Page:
Category Archives: birth

The shepherds on the trolley

In the midst of all the holiday rush this week, there was an amazing story in our local paper about a woman who gave birth to her baby while on the local interurban trolley. Musing about this story, I pieced it together with a fragment from Philip Larkin’s poem “Days” in the form of a glosa.

 

The shepherds on the trolley

Ah, solving that question
Brings the priest and the doctor
In their long coats
Running over the fields.
[Philip Larkin]

A girl gave birth in Goshen
on the trolley yesterday
right outside the courthouse.
She said nothing like this
had ever happened to her before,
and to be fair, it was unusual
for all the other passengers as well.
But why on earth was she giving birth alone
in front of that grand governmental bastion?
Ah, solving that question

could drag a friendly conversation
into politics or sociology
all of the dark arts broken free from
anchors in reality. She must have been
on drugs or didn’t use protection.
We raise the dreaded specter
of the welfare state to put her in her place.
But really any proper telling of this holy story
of the bus-born child and the girl who rocked her
brings the priest and the doctor

long before the yard signs and the
focus groups. For here’s the miracle:
we have a child not left behind.
A host of ordinary saints embrace
with great compassion the miracle
before their eyes, this fellow-traveler who dotes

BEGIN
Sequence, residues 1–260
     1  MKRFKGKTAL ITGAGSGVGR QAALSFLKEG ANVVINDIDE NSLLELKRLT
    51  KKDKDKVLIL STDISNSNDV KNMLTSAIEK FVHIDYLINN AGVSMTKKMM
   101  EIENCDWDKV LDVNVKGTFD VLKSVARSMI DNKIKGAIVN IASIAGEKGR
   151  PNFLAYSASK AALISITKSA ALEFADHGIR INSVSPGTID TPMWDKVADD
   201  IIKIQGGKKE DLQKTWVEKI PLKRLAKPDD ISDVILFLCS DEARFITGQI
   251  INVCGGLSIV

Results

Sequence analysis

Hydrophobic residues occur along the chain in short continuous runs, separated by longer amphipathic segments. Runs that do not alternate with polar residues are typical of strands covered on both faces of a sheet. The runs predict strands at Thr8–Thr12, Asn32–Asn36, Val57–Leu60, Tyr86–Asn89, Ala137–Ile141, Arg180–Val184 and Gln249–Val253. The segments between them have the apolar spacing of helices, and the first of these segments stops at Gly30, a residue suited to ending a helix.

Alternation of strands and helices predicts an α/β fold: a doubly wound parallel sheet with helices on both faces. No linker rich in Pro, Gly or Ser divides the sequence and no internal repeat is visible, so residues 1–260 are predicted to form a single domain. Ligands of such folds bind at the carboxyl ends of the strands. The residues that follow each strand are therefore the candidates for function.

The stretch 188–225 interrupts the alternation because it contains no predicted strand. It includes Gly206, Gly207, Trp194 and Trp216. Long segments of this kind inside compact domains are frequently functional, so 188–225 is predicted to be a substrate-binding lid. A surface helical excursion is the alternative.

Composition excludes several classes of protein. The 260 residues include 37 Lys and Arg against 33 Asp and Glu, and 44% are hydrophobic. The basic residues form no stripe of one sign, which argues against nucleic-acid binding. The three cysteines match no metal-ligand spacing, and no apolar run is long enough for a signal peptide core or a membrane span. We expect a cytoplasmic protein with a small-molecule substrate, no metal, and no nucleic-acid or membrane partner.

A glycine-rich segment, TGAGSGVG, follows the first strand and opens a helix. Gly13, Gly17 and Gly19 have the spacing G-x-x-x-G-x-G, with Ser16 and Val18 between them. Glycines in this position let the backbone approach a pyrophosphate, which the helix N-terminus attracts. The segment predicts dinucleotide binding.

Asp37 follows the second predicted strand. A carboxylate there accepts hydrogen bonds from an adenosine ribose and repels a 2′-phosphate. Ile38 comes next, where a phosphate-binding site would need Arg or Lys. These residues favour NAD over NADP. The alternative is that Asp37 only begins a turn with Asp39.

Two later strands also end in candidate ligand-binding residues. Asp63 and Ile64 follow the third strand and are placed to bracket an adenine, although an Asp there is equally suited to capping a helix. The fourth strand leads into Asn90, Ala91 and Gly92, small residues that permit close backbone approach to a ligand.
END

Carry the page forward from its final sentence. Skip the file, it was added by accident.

upon her newborn, nestled in a crèche
between the seats. These put to shame
the glad-handing talking heads still chasing votes
in their long coats

with talk of census numbers, tax adjustments,
of sacrifice for everyone except themselves.
Ask the children now, and the neighbors,
with their noses pressed against
the glass – ask them if it matters
even slightly if some
stuffed up suit wields
the sword of morality. They’ll tell you:
every life is sacred, every fresh beginning,
every wave of hope a baby’s first cry yields
running over the fields.

 

What won’t wait

What won’t wait for you tonight? Take the car
and drive like Jehu through each stop sign far
across this sleeping town. Out of the mist
you carom down main, but draw no interest
from the wayward souls spat from Louie’s bar

too late and too far gone, their minds ajar.
No time to ask permission, or to spar
with strangers over places on a list;
     what won’t wait

is screaming at you here! Nothing can mar
such perfect clarity – the morning star
is crowning now. Now! Tonight you exist
only to be held by one tiny fist.
Leave the rest: the things we cannot plan are
     what won’t wait.

None of us are ready

None of us are ready
Tonight. We float in a
Sea of Tranquility
As the tide washes us
In, inexorably.

None of us are ready
And yet it is time. We
Travel after midnight
One hand upon the stars
As a new voice sings bright.

None of us are ready,
Our arms still tangled in
Each other’s hair, we lift
This wet thing to our chest
And say, “This is a gift

None of us are ready
To receive.” And it’s true.
Our swift humanity
Is chastened before such
Responsibility.

None of us are ready,
We are all newborn here.
But there is grace, and soon
Joy as we stumble home
Kissed by the mother moon.

The grammar involved in “none is” vs. “none are” makes my head spin.  I ended up sticking with “none are” though “none is” might work better in some people’s eyes.  Hope you can get past this issue to appreciate the sentiment of the poem!  For friends at the marvelous dVerse Poets Pub.

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